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Tuesday, February 03, 2015

Albena Lutzkanova-Vassileva's 'The Testimonies of Russian and American Postmodern Poetry'

from Charles  Bernstein:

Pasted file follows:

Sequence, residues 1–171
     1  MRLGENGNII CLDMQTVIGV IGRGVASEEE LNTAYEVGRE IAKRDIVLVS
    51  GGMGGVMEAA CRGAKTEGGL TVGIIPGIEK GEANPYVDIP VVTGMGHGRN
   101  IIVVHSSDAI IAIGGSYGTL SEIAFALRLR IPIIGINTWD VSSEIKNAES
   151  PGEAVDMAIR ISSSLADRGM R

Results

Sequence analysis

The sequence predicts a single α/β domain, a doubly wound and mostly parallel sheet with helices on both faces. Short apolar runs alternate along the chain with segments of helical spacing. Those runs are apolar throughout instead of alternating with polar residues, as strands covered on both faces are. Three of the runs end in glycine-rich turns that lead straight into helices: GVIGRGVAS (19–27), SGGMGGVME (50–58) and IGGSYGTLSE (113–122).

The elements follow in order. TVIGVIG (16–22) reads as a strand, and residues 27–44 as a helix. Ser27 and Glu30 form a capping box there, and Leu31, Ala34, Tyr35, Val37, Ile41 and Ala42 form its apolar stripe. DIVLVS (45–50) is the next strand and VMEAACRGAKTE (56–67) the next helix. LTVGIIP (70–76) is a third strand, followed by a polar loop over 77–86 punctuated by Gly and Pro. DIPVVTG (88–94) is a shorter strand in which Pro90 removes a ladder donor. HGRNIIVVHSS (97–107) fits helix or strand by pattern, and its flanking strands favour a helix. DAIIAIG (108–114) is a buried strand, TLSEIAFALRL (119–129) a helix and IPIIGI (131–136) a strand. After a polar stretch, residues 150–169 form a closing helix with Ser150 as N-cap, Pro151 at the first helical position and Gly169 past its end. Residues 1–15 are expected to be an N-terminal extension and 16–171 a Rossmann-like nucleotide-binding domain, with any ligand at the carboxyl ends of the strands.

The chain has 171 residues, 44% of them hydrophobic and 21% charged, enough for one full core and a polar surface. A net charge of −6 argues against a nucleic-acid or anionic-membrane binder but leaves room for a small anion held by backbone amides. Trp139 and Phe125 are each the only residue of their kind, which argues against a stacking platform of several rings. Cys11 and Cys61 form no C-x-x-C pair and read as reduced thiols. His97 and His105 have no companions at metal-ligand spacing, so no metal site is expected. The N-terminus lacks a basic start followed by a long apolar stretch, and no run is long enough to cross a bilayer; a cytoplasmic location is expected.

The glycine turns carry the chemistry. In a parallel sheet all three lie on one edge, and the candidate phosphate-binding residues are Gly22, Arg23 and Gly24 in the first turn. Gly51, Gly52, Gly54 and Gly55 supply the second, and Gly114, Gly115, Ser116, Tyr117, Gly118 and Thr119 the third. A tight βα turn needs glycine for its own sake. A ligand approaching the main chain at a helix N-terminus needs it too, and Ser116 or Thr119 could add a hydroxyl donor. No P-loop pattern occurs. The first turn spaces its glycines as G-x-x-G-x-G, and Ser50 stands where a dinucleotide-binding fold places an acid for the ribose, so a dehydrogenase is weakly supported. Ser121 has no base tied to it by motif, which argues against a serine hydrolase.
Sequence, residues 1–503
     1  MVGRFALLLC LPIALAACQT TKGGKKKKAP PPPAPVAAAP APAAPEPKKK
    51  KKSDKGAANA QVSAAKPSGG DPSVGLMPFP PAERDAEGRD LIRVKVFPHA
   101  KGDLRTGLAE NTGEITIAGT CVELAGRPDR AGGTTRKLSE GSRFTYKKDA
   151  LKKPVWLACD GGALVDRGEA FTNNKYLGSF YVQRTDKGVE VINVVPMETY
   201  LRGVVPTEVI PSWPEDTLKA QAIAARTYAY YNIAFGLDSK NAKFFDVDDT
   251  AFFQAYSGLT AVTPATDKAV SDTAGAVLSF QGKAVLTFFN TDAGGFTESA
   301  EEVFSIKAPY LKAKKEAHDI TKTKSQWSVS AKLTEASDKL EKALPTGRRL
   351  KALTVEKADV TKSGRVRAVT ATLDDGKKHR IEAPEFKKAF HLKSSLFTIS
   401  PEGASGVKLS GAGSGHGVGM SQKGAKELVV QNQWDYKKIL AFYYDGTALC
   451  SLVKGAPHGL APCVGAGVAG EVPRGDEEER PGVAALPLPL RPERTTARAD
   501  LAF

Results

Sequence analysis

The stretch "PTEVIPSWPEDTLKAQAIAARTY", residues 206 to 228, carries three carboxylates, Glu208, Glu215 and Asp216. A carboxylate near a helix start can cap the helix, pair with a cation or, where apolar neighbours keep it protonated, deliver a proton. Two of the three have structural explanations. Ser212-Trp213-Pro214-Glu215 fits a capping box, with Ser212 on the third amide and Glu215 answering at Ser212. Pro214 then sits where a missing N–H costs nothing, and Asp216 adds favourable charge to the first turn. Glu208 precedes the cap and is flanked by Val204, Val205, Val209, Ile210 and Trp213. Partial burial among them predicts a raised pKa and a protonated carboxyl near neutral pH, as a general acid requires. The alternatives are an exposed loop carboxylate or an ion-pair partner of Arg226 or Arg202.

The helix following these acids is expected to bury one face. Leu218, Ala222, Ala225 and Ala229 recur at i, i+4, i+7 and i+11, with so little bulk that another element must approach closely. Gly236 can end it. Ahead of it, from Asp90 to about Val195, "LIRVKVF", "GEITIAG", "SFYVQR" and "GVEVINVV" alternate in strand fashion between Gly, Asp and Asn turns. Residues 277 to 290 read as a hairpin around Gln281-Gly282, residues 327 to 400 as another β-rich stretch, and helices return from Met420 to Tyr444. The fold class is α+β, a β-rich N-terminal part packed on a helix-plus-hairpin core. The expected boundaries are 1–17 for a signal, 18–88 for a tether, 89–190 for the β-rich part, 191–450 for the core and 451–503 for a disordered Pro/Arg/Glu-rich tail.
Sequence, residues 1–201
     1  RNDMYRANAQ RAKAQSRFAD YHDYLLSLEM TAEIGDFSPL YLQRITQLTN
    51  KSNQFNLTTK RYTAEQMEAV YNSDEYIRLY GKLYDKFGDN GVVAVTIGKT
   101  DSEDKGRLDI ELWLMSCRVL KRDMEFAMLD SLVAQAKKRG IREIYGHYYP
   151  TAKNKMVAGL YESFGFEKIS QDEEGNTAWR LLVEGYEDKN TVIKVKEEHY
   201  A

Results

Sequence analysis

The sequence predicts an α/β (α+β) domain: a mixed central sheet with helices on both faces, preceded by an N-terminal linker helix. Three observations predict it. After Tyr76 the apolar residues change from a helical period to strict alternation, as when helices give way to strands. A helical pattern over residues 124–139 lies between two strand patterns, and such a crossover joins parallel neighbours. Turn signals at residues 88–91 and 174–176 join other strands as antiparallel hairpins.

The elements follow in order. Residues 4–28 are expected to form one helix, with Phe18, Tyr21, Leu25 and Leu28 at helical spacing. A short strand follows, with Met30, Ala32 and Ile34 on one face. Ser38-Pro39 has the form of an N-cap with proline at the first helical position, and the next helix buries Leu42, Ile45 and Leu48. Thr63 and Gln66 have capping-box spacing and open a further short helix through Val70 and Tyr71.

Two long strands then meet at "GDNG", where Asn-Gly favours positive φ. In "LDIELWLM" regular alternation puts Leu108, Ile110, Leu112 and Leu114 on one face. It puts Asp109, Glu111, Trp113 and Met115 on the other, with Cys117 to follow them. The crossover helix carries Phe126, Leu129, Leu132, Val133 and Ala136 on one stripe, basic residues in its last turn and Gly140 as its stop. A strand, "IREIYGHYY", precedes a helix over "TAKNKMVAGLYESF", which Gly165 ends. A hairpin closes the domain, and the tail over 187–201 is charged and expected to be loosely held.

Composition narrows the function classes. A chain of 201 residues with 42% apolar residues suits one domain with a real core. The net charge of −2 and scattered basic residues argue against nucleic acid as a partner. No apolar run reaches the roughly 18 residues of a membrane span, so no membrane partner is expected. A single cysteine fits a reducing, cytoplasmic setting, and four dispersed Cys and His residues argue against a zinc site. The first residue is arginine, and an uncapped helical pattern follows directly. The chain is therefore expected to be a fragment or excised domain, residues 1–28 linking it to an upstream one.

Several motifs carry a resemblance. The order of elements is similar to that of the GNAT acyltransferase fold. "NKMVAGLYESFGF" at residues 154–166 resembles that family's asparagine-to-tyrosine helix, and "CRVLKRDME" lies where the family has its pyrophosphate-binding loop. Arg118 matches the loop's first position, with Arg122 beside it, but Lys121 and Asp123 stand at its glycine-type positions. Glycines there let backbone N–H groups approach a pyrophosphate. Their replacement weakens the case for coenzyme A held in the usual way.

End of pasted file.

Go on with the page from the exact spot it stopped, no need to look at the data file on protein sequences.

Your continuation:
The Testimonies of Russian and American Postmodern Poetry: Reference, Trauma, and History (Bloomsbury, 2014) is divided in half. The first part looks at 1970s/1980s Russian (Moscow) conceptual poetry and poetics, focussing on Dmitry Prigov and Lev Rubinstein (Rubinshtein) but also on the "meta-realists" Elena Schvarts and Alexi Parschikov (Arkadii Dragomoschenko is a key poet for this context, though not a main subject here). Artists Grisha Bruskin and Ilya Kabakov are also main subjects. The second part of the book makes an analogy between both Moscow conceptualism and St. Petersburg metarealist poetry and the 1970s/1980s poetry/poetics associated with L=A=N=G=U=A=G=E. Lutzkanova-Vassileva offers detailed readings of Bob Perelman, Bruce Andrews Steve McCaffery, David Melnick, Ron Silliman, as well as my work.  Lutzkanova-Vassileva also traces the connection to the Russian futurists (Shklovsky, Khelbinikov, Kruchenykh). Her commentary is focussed on the ways the poems she addresses respond the emerging technological/digital environment of the time. While quite different in its readings, the work bears some resemblance to Jacob Edmond's cross-national approach in Common Strangeness. Lutzkanova-Vassileva  provides remarkably illuminating close readings of many poems, with an emphasis on the social and political meanings of invented poetic forms. This is a remarkable study both for its Russian/American comparative approach and for it's thoughtful reading of each poet and artist.

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